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German businesses should consider ‘allowing staff siestas and cold footbaths’ as temperatures hit 38C

Businesses in Germany should consider allowing staff to take midday siestas, according to a public health chief, as temperatures in the country soar.

Johannes Niessen, the head of the country’s public health officers association, also suggested staff could use cold foot baths under their desks to keep cool.

He made the comments to German media, as temperatures hit 38.8C (101.84F) in the south of the country.

German health minister Karl Lauterbach also said a siesta – an afternoon break usually taken in Spain and other southern European countries to allow workers to avoid the heat of the day – was “certainly no bad proposal”.

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Mr Niessen, issuing advice to deal with the hot weather in Germany, which usually experiences a temperate climate, said: “Get up early, work productively in the morning, and take a siesta at midday.

“People are not as efficient in strong heat as they are otherwise. Moreover, bad sleep in the absence of cooling in the night leads to concentration problems.

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Map shows heatwave across Europe this week

He also called for “sufficient fans and lighter clothing, even if the attire rules for an office don’t allow it”.

“A cold foot bath under the desk would be another option to stay cool while working from home,” he added.

The World Meteorological Organisation warned on Monday that the heatwave in Southern Europe, which experts say is being driven by a combination of climate change and an El Niño weather pattern, is set to intensify this week.

Read more:
How Europe’s heatwave is impacting holiday destinations
No hot summer temperatures in until mid-August, says Met Office

While Germany has escaped the kind of temperatures that hit Southern Europe this week, it has sweltered in the mid-30s Celsius, with Bavaria seeing the country’s record high so far at 38.8C.

The UN weather agency has warned that temperatures in Europe could even break the 48.8C (119.84F) record set in Sicily two years ago.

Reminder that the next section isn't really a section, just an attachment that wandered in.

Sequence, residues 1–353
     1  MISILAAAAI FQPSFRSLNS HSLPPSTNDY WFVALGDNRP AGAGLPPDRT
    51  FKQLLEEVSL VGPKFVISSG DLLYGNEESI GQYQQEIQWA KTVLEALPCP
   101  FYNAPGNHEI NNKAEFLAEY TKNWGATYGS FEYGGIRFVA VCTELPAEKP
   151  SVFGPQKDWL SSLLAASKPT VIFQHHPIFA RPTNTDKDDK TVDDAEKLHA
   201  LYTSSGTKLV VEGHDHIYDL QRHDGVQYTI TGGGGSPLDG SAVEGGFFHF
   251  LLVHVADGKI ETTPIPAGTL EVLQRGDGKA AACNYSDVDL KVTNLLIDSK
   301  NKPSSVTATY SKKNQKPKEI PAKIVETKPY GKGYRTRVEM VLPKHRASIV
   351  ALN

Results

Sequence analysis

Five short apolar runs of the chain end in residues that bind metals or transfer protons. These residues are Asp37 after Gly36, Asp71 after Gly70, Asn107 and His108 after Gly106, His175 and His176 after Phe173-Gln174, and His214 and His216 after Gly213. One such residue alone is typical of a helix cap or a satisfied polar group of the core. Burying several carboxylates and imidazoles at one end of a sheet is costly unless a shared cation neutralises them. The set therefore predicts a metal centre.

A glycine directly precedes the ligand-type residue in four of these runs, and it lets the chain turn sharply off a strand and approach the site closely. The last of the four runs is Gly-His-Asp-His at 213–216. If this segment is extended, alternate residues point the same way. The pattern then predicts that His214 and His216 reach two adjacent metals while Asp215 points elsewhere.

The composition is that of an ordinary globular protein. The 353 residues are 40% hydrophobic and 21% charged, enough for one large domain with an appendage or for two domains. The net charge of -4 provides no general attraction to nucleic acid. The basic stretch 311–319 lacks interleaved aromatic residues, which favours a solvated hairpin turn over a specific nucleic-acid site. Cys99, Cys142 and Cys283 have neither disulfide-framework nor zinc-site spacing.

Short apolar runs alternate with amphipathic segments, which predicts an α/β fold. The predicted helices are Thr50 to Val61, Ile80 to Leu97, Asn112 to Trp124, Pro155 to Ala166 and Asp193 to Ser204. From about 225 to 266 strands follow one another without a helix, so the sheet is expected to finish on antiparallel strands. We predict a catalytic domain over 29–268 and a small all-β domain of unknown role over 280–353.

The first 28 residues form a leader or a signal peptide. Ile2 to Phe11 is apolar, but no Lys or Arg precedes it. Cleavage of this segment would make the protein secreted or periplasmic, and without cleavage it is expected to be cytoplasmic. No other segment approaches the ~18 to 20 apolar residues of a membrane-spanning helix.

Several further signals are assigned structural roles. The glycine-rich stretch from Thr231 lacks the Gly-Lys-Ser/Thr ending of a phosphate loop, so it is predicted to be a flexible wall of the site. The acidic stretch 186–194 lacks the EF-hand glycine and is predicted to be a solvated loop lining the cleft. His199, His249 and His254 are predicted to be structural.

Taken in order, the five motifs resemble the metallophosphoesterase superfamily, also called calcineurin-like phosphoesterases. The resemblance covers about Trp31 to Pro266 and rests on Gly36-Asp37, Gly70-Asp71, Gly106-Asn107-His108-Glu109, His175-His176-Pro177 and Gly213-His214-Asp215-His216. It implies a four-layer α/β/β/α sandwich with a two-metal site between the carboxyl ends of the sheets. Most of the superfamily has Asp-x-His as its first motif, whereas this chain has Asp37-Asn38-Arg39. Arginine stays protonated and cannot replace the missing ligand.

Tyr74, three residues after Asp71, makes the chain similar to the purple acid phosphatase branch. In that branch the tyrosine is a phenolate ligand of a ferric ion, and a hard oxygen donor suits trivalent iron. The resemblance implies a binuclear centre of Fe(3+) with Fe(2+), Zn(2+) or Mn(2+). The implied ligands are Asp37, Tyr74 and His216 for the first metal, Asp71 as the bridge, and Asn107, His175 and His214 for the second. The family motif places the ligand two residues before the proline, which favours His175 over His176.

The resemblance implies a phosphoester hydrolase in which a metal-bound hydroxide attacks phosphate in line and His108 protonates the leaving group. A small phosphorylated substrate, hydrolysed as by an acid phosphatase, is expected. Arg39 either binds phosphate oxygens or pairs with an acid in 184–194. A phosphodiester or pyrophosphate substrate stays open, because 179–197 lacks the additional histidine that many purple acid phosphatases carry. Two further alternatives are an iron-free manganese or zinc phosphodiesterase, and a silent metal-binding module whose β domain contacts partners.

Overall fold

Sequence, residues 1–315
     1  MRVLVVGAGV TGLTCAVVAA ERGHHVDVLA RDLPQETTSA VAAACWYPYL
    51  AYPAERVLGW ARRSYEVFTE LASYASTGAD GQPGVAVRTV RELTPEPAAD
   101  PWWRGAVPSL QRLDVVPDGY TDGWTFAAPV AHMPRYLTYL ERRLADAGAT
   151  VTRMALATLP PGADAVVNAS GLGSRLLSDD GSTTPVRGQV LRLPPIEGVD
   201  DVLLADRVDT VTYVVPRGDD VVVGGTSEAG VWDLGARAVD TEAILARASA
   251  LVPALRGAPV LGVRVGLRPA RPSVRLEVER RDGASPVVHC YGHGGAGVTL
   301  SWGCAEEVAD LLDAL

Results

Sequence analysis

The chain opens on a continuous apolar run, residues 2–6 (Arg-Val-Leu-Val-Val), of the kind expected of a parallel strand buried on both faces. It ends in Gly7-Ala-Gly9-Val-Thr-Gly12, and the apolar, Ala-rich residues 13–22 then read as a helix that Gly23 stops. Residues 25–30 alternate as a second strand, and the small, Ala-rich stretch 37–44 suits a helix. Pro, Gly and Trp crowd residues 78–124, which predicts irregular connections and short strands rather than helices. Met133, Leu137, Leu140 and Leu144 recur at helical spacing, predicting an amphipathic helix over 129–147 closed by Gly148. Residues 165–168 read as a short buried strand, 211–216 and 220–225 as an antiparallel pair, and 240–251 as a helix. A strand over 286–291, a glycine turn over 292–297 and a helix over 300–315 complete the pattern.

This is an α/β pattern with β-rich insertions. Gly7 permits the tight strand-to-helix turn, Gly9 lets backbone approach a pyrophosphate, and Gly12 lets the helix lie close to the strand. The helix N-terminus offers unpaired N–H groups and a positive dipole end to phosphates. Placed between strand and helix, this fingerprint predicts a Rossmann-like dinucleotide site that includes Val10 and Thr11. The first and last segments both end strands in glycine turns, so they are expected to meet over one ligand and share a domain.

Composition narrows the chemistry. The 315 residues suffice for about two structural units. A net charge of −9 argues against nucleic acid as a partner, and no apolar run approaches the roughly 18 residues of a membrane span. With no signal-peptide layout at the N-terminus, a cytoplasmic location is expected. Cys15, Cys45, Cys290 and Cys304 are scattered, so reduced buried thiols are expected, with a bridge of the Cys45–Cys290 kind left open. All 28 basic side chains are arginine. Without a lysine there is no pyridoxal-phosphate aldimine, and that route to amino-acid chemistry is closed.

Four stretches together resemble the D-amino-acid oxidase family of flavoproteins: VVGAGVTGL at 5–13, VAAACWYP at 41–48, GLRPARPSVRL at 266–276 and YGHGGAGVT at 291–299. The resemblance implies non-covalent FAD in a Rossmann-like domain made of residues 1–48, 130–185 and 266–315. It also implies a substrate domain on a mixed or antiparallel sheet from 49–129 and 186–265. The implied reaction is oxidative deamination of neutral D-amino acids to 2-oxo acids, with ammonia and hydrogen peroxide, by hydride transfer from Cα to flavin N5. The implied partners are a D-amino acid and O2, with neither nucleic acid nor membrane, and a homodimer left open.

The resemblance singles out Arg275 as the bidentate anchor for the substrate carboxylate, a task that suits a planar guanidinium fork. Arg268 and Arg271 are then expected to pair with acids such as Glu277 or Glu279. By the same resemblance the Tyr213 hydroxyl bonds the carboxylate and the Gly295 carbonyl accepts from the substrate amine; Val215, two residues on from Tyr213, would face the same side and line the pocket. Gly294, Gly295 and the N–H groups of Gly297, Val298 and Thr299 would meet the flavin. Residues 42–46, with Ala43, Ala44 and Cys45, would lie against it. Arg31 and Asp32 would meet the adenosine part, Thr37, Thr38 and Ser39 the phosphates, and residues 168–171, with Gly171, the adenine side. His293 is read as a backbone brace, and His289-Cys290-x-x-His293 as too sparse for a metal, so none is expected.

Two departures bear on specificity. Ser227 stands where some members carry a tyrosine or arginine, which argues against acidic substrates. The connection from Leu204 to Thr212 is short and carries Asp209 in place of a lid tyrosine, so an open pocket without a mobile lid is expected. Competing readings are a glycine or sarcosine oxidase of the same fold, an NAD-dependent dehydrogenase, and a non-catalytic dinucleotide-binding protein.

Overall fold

In Greece, where a second heatwave is expected to hit on Thursday, three large wildfires burned outside Athens for a second day.

Residents watch as a wildfire burns on a hill in Pournari village near Athens, on Tuesday, July 18, 2023. In Greece, where a second heatwave is expected to hit Thursday, three large wildfires burned outside Athens for a second day. Thousands of people evacuated from coastal areas south of the capital returned to their homes Tuesday when a fire finally receded after they spent the night on beaches, hotels and public facilities. (AP Photo/Thanassis Stavrakis)
Image:
Residents watch as a wildfire burns on a hill in Pournari village near Athens. Pic: AP

Local media dubbed the worst-affected areas a “fiery hell” due to wildfires.

One headline read: “Heatwave Kleon: Fiery hell with the mercury at 44 degrees – The difficult days”.

In Italy, health officials warned of extreme temperatures in 20 cities, rising to 23 on Wednesday, from Bolzano in the north to Palermo in the south.

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Wildfires burn in Greece

Spain is also dealing with a prolonged drought that has increased concerns about the risk of wildfires.

Some 400 firefighters assisted by nine water-dumping aircraft laboured to extinguish a wildfire which burned for a fourth consecutive day on La Palma in Spain’s Canary Islands.

In Switzerland, around 150 firefighters, police, soldiers and other emergency teams backed by helicopters battled a wildfire on a mountainside in the southwestern Wallis region.

Residents of four villages and hamlets in the area were evacuated due to the fire.


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